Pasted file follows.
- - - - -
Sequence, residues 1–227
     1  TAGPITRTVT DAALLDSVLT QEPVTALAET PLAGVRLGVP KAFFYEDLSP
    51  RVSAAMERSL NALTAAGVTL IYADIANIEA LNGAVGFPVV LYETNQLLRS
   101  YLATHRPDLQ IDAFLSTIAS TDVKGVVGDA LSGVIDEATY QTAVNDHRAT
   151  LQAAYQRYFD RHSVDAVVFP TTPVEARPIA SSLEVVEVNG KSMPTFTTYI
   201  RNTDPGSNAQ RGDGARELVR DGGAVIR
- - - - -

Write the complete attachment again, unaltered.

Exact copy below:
Sequence, residues 1–227
     1  TAGPITRTVT DAALLDSVLT QEPVTALAET PLAGVRLGVP KAFFYEDLSP
    51  RVSAAMERSL NALTAAGVTL IYADIANIEA LNGAVGFPVV LYETNQLLRS
   101  YLATHRPDLQ IDAFLSTIAS TDVKGVVGDA LSGVIDEATY QTAVNDHRAT
   151  LQAAYQRYFD RHSVDAVVFP TTPVEARPIA SSLEVVEVNG KSMPTFTTYI
   201  RNTDPGSNAQ RGDGARELVR DGGAVIR